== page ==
Holyrood Park, Edinburgh. Photo: Angus Miller

The Arthur’s Seat volcano dominates the centre of Edinburgh and is a superb example of a small, partly-eroded basalt volcanic cone. It gives the opportunity of exploring different parts of the volcanic system including intrusions, lava flows and vent material. We will also visit Salisbury Crags to appreciate the contrast between surface volcanic activity and underground magma intrusion and the important site discovered by James Hutton.

Aimed at new EGS members but open to all.

Read the Code of Conduct and Safety Guidelines and book your place …

Excursion title: Introductory Excursion: Arthur’s Seat
Date & time: Saturday 21 September 2019, 10 am Finish time: 1 pm
Leaders: Angus Miller and EGS Council Members
Excursion aims and description: The Arthur’s Seat volcano dominates the centre of Edinburgh and is a superb example of a small, partly-eroded basalt volcanic cone. It gives the opportunity of exploring different parts of the volcanic system including intrusions, lava flows and vent material. We will also visit Salisbury Crags to appreciate the contrast between surface volcanic activity and underground magma intrusion and the important site discovered by James Hutton. This introductory excursion is aimed at new EGS members but it is open to all.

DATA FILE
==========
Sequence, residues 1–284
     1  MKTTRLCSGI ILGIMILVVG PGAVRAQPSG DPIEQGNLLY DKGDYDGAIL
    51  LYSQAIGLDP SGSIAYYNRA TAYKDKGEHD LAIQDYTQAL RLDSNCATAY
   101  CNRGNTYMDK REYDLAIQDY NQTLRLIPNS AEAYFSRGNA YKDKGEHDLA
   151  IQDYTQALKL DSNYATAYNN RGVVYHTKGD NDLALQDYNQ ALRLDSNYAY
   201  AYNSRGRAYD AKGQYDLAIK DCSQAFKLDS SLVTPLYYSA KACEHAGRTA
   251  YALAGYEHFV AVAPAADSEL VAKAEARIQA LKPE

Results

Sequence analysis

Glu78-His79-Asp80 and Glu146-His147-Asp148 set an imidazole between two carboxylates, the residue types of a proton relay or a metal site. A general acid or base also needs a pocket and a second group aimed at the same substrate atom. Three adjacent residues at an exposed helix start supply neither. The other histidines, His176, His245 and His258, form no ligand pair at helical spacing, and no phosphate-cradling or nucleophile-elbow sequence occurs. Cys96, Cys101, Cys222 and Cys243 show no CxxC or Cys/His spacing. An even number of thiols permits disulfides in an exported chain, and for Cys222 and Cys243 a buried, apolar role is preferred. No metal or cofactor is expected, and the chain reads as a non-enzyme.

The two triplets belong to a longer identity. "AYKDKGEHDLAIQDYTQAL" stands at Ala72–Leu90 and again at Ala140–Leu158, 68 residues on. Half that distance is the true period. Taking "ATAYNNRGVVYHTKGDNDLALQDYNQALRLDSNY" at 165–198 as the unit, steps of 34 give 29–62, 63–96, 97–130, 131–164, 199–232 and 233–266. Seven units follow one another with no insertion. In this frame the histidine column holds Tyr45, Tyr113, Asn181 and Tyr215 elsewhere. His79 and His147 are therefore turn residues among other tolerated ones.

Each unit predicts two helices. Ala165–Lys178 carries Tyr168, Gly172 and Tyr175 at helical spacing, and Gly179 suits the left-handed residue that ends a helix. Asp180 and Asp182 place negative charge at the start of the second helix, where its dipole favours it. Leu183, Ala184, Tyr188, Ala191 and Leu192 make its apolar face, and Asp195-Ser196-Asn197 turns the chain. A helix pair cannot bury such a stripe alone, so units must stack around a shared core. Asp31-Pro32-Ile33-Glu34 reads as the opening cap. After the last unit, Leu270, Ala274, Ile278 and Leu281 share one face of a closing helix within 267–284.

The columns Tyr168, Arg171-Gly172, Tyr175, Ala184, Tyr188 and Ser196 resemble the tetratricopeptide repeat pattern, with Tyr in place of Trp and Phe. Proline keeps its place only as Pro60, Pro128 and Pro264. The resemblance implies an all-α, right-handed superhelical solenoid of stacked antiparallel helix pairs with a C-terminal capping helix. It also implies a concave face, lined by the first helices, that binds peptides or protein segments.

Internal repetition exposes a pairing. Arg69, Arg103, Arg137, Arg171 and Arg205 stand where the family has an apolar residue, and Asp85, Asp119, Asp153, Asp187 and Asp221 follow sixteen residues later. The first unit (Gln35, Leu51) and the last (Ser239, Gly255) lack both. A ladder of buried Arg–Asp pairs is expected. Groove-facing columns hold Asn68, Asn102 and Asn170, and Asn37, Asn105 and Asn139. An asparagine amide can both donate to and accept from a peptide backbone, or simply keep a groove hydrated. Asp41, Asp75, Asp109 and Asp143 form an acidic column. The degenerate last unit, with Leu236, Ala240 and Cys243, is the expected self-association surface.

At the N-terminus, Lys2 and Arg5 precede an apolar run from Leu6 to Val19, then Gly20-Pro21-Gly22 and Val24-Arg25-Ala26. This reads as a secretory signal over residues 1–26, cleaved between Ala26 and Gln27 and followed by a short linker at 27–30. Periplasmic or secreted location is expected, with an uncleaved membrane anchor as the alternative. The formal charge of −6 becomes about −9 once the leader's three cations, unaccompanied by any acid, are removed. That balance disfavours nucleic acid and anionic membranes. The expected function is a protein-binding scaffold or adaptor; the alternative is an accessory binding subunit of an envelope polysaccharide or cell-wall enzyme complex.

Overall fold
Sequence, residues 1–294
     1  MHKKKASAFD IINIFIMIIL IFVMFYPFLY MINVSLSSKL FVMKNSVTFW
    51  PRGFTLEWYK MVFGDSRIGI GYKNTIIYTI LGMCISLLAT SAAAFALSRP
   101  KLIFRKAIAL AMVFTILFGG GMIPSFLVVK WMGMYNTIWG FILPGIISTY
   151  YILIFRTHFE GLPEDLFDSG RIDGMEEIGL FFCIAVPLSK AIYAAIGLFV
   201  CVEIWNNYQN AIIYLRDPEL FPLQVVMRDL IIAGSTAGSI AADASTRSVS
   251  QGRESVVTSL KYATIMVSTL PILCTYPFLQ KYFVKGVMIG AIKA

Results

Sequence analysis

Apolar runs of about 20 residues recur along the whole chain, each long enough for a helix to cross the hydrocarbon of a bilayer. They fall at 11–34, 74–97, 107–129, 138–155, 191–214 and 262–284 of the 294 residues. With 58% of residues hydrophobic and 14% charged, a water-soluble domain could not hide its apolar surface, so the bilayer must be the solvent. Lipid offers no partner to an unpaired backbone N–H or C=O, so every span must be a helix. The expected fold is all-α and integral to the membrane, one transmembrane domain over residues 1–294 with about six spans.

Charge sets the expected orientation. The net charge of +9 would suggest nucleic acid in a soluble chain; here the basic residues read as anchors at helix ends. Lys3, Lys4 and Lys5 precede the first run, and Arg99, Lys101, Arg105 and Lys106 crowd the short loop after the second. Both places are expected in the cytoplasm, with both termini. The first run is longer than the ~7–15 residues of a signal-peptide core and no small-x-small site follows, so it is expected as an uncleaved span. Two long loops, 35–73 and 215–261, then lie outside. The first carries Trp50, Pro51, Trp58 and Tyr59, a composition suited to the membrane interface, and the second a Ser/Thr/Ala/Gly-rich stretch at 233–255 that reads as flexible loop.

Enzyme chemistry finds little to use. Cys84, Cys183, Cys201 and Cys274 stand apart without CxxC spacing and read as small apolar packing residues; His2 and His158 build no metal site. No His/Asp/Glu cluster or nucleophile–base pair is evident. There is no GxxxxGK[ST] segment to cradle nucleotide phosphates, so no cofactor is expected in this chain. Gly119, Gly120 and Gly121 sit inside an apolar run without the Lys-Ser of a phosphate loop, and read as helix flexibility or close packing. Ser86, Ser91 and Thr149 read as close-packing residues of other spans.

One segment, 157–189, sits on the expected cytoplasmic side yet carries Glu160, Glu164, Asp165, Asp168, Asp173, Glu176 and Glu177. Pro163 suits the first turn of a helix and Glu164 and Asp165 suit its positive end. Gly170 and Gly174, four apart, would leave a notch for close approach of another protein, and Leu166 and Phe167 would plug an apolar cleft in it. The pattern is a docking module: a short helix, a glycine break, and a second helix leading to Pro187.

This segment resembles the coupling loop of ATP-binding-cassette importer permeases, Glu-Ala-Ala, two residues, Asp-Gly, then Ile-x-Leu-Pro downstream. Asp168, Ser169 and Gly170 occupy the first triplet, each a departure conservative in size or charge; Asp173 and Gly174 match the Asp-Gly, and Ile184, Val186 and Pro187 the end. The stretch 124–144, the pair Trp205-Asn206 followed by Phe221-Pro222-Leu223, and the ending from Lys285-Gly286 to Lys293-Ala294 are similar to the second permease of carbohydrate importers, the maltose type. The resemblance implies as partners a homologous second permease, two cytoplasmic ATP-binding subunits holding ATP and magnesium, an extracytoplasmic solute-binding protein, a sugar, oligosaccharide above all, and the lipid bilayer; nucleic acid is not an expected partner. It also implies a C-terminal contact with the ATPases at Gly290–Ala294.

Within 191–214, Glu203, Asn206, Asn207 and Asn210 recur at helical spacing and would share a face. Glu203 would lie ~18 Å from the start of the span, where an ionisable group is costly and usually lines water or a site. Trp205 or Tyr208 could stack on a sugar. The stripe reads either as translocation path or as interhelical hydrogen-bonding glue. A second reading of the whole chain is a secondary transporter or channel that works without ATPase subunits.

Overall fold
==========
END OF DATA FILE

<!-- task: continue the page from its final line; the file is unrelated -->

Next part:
Transport: No transport necessary
Meeting point: Holyrood Palace Car Park, on the Queens Drive
First locality: Holyrood Palace Car Park, on the Queens Drive NT271 737
Excursion route: St Anthony’s Well, Dry Dam, Whinny Hill, Queen’s Drive, Salisbury Crags.
Terrain, walking distance, height gain: Rough paths and pavements.
Specific or Medium- / High-Risk Hazards: None
Control measures required to mitigate against any Hazards referred to above: None
Hard hats or Hi-viz clothing needed: No
May dogs be brought on the excursion? Yes
Toilet information: Holyrood Park Education Centre, close to meeting point.
Geological map sheet: Edinburgh 32E
OS map sheet: Explorer 350 Edinburgh
References: Discovering Edinburgh’s Volcano. A geological guide to Holyrood Park (EGS)